But on the eve of Rice's visit, Kenya's foreign minister had strong words for anyone trying to force a deal on the government.
 

"We encourage our friends to support us and not make any mistake of putting a gun to anybody's head and saying 'either/or', because that cannot work," Moses Wetangula said.

   

"Even if we get visitors to help us in any way possible, the answer to the problem in Kenya lies with Kenyans themselves."

 

US help

   

Bush, who is on the second leg of a five-nation Africa tour, says Washington wants to help the talks, not dictate a solution.

   

Reinforcing that, a White House spokeswoman said Rice did not expect to come away with a final deal, nor would she offer incentives to encourage the feuding sides to strike a pact.

 

"But I do think ... they are inching their ways closer and they need a little bit of help to get there," she said.

 

Annan reported considerable progress in last week's talks with the feuding parties [AFP]
Rice is expected to meet Annan, Mwai Kibaki, Kenya's president, and his opposition rival, Raila Odinga, on Monday.

   

Kibaki's government has been wary of what it views as foreign meddling in the country's affairs. Meanwhile Odinga says Kibaki stole the election that took place on December 27.

   

Although Annan reported considerable progress in last week's talks - including agreement on an independent review of the disputed poll - most Kenyans are waiting for a breakthrough on the contentious "grand coalition" idea he has advocated.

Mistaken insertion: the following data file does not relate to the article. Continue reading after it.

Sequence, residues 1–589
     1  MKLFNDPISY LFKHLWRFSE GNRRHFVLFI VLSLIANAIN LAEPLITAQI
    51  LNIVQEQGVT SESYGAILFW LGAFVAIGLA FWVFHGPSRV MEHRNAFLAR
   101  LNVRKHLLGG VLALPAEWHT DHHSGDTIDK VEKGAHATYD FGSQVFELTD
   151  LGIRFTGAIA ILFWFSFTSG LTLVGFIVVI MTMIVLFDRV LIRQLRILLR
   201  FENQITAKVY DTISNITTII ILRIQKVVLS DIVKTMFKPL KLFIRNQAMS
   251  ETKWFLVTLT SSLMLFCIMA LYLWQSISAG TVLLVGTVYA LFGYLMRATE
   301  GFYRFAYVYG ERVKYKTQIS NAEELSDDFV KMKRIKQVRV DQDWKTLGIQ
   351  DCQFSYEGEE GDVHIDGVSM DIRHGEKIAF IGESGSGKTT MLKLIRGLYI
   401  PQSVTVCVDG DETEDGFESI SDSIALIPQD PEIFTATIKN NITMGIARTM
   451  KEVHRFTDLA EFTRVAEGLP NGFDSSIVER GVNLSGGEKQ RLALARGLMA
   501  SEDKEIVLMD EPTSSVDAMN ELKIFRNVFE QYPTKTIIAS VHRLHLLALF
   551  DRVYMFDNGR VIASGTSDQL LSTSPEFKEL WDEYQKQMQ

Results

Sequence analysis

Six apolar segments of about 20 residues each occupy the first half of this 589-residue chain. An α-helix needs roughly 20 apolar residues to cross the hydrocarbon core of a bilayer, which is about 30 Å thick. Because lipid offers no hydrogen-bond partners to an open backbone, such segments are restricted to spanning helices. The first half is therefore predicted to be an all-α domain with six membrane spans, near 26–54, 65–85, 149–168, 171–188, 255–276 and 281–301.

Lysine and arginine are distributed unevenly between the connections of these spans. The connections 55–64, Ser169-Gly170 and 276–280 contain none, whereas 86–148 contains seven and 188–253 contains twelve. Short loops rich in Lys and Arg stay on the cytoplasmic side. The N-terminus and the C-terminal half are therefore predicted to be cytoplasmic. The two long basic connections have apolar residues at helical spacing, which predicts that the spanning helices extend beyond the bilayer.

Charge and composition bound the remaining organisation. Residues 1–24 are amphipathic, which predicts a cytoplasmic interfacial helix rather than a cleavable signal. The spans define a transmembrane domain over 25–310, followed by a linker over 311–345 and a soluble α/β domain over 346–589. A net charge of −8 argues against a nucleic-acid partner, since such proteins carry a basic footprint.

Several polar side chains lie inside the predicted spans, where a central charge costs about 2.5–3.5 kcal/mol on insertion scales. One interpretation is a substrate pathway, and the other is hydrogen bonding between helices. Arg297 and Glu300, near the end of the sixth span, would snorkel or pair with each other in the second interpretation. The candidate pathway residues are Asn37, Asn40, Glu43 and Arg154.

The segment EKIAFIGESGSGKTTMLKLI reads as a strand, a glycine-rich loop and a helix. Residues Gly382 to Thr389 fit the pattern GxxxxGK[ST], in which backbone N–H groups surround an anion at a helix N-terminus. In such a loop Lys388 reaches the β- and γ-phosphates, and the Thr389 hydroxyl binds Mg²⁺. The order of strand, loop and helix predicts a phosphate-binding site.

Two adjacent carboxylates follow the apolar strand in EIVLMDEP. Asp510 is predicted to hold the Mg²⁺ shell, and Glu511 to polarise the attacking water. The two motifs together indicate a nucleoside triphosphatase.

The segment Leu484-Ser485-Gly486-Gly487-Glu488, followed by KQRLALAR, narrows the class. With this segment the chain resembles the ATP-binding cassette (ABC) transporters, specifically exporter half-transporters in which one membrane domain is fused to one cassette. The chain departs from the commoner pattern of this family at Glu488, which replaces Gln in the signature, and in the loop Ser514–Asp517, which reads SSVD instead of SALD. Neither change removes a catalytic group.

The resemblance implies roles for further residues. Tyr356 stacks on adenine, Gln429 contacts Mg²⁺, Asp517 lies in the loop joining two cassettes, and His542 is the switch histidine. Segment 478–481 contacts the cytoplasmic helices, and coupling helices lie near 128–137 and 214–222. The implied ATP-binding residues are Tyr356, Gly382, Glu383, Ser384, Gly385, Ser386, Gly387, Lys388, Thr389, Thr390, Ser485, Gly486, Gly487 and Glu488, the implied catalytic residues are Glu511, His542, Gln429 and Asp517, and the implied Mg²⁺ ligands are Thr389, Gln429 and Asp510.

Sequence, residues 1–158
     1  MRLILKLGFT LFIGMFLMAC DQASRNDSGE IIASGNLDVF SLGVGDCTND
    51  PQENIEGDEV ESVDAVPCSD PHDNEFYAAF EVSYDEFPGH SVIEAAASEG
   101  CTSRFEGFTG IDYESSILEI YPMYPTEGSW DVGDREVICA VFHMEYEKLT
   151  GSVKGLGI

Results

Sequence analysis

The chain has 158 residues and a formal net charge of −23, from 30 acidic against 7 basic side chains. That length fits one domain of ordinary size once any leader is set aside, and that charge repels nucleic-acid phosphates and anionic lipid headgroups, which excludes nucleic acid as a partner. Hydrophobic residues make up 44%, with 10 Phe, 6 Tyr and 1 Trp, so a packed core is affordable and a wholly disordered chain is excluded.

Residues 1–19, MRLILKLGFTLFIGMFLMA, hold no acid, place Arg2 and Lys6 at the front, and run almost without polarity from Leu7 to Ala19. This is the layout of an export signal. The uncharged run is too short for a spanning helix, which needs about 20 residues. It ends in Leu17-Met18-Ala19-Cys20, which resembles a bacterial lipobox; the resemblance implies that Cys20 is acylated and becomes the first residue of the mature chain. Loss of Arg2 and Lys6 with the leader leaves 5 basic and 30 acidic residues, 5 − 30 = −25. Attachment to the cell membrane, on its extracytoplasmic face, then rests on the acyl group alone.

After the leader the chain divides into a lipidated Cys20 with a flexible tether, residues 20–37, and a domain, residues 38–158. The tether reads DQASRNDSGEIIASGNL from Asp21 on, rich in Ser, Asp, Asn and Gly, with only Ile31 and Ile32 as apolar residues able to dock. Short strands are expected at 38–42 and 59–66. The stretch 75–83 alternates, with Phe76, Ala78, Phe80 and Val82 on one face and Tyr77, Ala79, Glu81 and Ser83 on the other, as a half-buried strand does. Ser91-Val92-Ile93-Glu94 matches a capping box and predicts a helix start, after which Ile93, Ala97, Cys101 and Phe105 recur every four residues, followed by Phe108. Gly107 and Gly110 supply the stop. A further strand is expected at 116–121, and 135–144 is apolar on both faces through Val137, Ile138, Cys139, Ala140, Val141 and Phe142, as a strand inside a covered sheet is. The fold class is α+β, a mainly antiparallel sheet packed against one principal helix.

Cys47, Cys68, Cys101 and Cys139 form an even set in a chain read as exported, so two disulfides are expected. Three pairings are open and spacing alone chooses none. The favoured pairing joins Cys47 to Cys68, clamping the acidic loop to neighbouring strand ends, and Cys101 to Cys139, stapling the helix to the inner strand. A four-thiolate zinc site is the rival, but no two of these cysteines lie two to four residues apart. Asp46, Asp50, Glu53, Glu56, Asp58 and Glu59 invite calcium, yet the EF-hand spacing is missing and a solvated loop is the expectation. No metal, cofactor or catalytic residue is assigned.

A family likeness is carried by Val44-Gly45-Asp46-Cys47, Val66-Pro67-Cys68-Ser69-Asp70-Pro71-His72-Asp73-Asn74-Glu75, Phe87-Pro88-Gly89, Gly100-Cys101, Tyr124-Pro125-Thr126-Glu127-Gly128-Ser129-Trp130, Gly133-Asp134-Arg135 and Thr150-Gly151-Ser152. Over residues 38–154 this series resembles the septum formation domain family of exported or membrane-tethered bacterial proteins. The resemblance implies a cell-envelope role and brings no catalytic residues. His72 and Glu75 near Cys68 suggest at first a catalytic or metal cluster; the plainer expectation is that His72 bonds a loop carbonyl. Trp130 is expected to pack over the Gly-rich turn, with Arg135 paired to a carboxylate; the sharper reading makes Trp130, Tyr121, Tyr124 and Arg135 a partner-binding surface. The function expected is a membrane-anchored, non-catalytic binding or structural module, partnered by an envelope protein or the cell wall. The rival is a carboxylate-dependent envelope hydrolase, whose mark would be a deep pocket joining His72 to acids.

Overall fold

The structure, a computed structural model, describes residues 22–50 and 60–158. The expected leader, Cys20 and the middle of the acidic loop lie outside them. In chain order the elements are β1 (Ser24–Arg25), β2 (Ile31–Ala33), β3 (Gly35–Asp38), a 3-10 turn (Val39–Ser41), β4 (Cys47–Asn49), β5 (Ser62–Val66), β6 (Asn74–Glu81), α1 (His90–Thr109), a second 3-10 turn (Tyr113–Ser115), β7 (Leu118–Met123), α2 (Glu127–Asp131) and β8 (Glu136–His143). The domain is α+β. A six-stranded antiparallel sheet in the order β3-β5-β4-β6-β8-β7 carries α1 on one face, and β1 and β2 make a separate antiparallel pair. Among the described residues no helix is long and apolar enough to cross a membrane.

Government officials have said the only power-sharing being considered is giving opposition members top jobs in ministries in Kibaki's cabinet.

 

But that proposal is unlikely to satisfy the opposition when talks resume on Tuesday.

 

Buying time

   

In an interview published on Monday, the man who blew the whistle on one of Kenya's biggest graft scandals said deeper issues like perceived tribal inequalities in land rights, power and wealth needed to be addressed.

 

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"The elections were merely a trigger for the crisis, with the subsequent mayhem simply symptomatic of a wider leadership failure," John Githongo, the exiled former anti-corruption adviser to Kibaki, told a Kenyan newspaper.

   

"This will not change and we should not pretend it will. Putting all the belligerents into one government merely buys time. We need to be prepared to think outside the box."

   

Githongo quit Kenya in early 2005 after he revealed details of a scandal in which state contracts worth hundreds of millions of dollars were awarded to phantom firms.